These folks are the rebels of the hacking world. While we don’t know their exact country of origin, they’re likely native English speakers. What sets them apart is that they do hacking for kicks, almost like a hobby. They use social engineering, SMS-based phishing, and even sim swapping to wreak havoc. If we notice their attacks closely, we can observe a playbook with tried-and-tested methods for different hacks. In February 2023, they hit Coinbase and Reddit hard, using these techniques to breach both platforms.

Russian cyber pros: BlackCat (or ALPHV)

On the other side, we have the Russians, known as BlackCat or ALPHV. These folks mean business. They don’t just hack for fun; they provide ransomware as a service. They’re also linked to infamous groups like DarkSide and BlackMatter. Their process is systematic: they recruit affiliates from forums, create custom ransomware, provide tools to affiliates, execute attacks, and then dive into negotiations. The ransom loot is split between the affiliate and the BlackCat gang.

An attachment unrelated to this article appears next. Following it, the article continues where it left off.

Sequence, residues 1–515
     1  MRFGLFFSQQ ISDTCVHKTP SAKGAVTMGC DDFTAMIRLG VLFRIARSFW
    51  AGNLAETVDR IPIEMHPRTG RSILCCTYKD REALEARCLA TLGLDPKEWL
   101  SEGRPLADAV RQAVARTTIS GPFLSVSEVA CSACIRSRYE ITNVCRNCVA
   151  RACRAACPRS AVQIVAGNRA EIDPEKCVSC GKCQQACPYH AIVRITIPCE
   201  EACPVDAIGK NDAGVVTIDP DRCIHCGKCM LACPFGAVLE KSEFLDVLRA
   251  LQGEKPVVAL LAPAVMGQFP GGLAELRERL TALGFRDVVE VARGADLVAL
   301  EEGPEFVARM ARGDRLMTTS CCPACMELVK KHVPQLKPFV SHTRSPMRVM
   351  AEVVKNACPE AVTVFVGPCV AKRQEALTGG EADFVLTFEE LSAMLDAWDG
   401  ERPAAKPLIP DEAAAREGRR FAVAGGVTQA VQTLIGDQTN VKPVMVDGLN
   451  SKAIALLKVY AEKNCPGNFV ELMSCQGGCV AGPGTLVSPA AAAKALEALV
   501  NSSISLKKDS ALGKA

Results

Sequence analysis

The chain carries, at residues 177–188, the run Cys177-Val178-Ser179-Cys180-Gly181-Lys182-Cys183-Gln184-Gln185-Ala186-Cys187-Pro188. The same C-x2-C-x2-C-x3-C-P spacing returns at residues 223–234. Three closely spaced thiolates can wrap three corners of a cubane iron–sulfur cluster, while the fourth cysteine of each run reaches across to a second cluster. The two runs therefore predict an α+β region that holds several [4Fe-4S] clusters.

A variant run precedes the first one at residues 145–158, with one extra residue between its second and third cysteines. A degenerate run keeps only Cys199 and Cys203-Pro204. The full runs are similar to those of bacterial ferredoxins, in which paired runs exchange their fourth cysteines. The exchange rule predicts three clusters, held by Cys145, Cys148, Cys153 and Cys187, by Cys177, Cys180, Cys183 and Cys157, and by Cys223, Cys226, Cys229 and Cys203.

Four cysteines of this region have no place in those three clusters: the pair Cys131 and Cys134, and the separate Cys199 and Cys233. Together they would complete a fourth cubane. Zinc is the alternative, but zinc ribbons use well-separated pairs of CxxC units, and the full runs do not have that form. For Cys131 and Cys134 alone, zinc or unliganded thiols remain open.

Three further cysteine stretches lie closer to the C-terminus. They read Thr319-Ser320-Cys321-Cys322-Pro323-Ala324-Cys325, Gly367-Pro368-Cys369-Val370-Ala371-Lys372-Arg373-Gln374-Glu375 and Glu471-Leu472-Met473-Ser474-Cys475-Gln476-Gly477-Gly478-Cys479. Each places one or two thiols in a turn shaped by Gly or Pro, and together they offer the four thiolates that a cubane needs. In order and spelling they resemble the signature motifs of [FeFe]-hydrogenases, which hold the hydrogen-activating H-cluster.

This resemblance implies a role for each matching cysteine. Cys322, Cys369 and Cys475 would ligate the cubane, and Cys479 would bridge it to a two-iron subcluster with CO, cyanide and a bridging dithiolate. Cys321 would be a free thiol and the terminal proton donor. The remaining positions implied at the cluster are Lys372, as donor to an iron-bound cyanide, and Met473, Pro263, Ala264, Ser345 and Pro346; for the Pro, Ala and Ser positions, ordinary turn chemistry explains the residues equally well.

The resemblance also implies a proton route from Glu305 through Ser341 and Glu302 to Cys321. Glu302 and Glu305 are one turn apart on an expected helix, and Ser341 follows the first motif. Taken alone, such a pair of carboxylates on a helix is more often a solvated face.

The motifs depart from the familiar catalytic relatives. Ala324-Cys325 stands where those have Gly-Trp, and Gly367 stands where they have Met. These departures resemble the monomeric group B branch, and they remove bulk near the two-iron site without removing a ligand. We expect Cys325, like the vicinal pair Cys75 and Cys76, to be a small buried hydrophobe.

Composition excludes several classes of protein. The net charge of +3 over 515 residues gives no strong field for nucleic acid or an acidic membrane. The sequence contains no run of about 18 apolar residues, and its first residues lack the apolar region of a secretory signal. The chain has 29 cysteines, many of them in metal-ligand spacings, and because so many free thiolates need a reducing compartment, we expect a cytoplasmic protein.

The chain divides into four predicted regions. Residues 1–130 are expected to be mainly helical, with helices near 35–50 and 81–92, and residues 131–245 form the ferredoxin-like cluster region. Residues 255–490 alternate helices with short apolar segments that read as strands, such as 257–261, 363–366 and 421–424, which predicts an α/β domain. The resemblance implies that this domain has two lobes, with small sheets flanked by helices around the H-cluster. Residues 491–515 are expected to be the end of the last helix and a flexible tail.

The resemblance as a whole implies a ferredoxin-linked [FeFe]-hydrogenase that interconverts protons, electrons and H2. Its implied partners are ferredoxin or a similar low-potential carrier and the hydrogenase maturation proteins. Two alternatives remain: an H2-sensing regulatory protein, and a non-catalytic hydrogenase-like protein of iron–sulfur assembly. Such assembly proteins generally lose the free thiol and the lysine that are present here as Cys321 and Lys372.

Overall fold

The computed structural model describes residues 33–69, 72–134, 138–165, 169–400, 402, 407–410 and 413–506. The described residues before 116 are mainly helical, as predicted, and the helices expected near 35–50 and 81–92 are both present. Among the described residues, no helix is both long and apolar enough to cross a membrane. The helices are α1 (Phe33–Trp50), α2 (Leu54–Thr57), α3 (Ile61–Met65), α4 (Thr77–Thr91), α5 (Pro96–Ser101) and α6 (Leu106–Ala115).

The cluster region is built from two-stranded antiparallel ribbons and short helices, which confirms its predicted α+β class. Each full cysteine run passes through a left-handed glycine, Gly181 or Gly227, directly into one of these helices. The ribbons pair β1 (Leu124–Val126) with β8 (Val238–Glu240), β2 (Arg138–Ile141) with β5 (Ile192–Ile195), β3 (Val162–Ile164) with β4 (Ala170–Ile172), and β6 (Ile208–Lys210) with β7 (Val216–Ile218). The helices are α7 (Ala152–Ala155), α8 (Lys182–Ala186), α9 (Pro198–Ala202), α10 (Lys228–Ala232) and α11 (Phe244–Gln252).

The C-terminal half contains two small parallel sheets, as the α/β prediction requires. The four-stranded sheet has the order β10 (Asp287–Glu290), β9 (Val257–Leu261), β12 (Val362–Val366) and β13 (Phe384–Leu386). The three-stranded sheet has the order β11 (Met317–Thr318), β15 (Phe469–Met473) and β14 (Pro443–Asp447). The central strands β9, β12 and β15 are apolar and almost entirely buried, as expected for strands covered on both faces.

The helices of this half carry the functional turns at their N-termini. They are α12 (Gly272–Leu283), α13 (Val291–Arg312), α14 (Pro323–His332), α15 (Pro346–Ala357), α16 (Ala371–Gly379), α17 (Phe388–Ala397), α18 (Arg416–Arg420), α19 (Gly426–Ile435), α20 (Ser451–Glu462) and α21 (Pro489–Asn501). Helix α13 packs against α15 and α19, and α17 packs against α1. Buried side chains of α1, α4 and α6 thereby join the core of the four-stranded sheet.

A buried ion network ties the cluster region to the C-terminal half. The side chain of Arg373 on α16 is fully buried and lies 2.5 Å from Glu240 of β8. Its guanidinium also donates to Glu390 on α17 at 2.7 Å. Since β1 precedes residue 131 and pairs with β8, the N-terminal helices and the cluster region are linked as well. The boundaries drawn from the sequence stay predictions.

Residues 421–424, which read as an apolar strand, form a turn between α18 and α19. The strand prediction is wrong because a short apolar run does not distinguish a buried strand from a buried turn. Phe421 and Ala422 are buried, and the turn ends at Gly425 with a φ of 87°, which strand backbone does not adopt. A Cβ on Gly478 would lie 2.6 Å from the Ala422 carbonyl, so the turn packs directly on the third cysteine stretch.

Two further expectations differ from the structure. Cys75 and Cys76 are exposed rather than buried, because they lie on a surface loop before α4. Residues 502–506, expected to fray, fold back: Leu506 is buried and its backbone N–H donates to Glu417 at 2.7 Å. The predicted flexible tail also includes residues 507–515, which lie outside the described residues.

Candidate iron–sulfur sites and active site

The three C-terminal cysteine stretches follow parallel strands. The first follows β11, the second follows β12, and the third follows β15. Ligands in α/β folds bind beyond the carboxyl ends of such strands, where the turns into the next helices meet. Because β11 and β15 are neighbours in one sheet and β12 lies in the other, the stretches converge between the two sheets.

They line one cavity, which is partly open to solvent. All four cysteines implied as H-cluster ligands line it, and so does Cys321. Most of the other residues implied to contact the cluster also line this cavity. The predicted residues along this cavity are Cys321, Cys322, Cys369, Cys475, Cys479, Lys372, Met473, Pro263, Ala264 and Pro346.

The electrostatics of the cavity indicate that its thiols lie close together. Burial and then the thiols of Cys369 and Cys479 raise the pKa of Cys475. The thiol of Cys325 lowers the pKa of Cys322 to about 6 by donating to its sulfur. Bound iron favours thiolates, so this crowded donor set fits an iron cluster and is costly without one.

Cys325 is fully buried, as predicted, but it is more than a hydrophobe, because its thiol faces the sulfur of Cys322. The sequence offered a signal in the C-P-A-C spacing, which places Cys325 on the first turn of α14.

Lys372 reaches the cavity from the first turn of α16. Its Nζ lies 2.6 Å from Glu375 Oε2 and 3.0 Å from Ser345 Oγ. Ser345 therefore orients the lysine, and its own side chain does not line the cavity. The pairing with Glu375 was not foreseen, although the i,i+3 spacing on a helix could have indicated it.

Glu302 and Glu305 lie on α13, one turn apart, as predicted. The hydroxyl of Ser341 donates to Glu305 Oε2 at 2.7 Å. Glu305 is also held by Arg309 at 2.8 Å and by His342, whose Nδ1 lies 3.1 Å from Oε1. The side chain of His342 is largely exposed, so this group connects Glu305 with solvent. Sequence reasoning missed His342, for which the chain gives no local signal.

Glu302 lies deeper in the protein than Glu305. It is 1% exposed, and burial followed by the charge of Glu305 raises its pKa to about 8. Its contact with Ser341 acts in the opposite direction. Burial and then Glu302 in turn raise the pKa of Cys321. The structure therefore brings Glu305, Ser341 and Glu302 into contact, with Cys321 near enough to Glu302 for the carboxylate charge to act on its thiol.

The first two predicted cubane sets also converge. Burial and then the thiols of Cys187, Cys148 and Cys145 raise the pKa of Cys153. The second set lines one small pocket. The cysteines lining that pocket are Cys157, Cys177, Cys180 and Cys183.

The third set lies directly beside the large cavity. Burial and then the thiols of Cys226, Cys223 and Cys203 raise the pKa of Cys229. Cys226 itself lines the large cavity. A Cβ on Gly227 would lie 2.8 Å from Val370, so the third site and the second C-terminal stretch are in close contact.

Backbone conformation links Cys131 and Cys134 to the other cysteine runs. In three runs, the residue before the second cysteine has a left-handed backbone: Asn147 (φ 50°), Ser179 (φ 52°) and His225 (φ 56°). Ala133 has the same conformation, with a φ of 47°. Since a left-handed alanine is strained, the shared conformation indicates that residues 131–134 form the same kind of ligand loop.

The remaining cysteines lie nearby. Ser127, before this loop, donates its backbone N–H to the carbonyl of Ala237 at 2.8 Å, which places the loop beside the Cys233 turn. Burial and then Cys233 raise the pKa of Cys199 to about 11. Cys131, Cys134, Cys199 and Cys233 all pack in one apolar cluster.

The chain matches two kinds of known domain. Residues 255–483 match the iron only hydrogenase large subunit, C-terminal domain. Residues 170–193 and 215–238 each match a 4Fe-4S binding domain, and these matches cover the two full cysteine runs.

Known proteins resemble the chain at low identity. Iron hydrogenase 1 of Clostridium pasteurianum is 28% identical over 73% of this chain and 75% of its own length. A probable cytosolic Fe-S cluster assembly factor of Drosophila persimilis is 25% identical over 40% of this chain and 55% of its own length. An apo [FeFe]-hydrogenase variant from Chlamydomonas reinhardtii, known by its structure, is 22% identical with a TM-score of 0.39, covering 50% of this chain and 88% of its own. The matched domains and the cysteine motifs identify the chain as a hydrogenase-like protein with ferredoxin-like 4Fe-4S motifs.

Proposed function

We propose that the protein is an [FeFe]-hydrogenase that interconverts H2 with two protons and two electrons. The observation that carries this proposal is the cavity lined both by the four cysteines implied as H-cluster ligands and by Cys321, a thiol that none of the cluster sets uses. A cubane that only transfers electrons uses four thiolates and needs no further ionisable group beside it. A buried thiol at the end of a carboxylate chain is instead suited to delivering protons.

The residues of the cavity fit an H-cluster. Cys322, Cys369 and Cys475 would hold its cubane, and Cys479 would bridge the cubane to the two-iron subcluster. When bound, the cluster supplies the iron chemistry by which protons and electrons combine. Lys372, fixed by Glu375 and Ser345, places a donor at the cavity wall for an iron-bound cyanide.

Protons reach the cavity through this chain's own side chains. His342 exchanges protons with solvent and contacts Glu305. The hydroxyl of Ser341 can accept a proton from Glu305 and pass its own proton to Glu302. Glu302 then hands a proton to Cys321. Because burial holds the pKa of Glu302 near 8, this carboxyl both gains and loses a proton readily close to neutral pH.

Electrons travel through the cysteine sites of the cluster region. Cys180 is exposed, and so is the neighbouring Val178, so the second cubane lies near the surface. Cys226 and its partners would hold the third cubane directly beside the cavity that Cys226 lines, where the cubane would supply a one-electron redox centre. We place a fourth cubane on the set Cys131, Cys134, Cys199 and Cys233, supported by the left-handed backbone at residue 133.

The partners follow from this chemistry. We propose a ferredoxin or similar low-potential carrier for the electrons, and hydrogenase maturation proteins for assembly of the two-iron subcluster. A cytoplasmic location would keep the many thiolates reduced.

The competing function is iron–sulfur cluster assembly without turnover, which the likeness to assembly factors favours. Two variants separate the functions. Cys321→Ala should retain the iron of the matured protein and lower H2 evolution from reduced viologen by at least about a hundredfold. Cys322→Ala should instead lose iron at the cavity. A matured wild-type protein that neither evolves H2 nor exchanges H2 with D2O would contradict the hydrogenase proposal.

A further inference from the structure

In mid-2023, the Canada Centre for Cybersecurity issued a warning about BlackCat targeting Canadian companies from January 2022 to July 2023. Examining these attacks, a pattern emerges: Scattered Spider’s knack for gaining access and BlackCat’s efficient ransomware often result in successful extortions.

Mitigating the threat

To fight back against this growing threat, we need to be proactive. It’s crucial to invest in security awareness training, purple teaming, and incident response training. Using IAMs (Identity and Access Management), allowing only necessary apps through allowlisting, detecting driver-based attacks, and keeping an eye on online file-sharing sites can all play a part in keeping us one step ahead.

In this digital battlefield, understanding your adversaries and staying prepared is half the battle. Stay vigilant, stay secure.

Navigating the cybersecurity landscape: The path to zero-trust